I feel I owe you all an apology for such a long absence from reaching out. For those of you who don't know, in addition to my experience as a violinist, educator, and composer, I am also in my second year of nursing school. It's a bit of a long story about how I got here, but the end goal is to combine the arts with healing.
I started a series this winter about practicing. I believe it is essential for us to devote some contemplation and energy to this component of music making because it is what defines a positive and successful outcome (however, sometimes we as teachers or students just expect it to magically fall into place and become an effortless part of our daily routines).
Due to some of the challenges of my nursing school course work and exams, I had to put this series on hold and therefore only finished three of the six installments. I am eager to share the remaining few in the next season while I also share some fun new FREEBIES.
In other Music for Young Violinists news, I have been working with great zeal and enthusiasm on editing ten of the twenty M4YV collections. Most changes are aesthetic (many covers are getting a makeover) but there have been a few minor compositional changes and some additions of extra pieces that complement some of the collections. I will be hosting some FLASH SALES (24-48 hours) in the near future to celebrate these new versions so if you are interested in some new pieces to brighten up your music collection, keep your eyes peeled on your inbox and the Facebook page.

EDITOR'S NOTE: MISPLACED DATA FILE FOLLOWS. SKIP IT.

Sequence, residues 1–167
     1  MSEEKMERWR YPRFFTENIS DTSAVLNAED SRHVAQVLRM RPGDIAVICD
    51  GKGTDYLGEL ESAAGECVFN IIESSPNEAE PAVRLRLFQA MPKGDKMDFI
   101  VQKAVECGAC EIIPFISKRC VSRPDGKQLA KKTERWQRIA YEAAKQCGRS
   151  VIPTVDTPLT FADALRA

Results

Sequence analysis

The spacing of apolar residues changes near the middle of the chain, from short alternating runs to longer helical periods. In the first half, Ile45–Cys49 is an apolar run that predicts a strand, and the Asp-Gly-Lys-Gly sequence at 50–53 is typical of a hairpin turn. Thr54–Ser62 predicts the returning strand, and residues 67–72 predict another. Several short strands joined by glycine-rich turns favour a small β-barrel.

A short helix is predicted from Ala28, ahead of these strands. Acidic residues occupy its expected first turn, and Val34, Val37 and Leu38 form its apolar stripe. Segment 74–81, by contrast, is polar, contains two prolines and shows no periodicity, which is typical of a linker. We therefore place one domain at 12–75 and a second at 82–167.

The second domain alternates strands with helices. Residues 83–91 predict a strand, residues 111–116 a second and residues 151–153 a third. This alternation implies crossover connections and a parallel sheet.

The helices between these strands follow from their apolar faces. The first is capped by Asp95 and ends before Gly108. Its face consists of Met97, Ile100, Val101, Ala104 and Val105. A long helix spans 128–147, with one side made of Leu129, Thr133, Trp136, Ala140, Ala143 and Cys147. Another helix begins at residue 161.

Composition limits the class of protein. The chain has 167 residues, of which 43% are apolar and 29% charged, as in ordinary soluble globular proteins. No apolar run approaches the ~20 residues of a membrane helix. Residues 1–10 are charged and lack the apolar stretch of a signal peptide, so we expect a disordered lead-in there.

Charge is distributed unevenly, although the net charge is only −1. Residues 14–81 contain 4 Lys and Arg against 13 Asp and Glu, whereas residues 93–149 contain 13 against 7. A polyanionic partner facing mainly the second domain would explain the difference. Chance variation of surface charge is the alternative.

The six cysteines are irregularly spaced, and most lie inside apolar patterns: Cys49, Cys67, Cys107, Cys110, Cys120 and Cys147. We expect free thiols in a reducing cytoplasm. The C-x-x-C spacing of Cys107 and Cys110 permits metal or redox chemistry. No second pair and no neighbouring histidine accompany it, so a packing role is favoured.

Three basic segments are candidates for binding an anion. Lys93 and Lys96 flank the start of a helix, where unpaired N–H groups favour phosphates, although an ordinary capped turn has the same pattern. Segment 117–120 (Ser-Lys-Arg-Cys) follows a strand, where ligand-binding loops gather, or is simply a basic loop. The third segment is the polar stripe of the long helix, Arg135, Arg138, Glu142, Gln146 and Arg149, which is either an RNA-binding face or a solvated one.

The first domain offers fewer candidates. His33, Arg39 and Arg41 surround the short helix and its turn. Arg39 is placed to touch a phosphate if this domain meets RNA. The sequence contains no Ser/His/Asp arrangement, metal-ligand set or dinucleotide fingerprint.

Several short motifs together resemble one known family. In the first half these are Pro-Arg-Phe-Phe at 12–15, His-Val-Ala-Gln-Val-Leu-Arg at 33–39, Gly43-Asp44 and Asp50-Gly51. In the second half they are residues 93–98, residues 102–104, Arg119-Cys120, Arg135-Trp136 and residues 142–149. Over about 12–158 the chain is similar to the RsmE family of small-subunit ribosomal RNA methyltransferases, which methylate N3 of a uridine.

Thanks and happy music making!
Hi! It's me, Heather. I absolutely love working on the Music for Young Violinists project and all the many facets: blogging, website, music, teaching materials, freebies, videos, newsletter and giveaway contests. The best part is connecting with you so feel free to drop me a line. You can learn more about me on the "ABOUT" page. Thanks!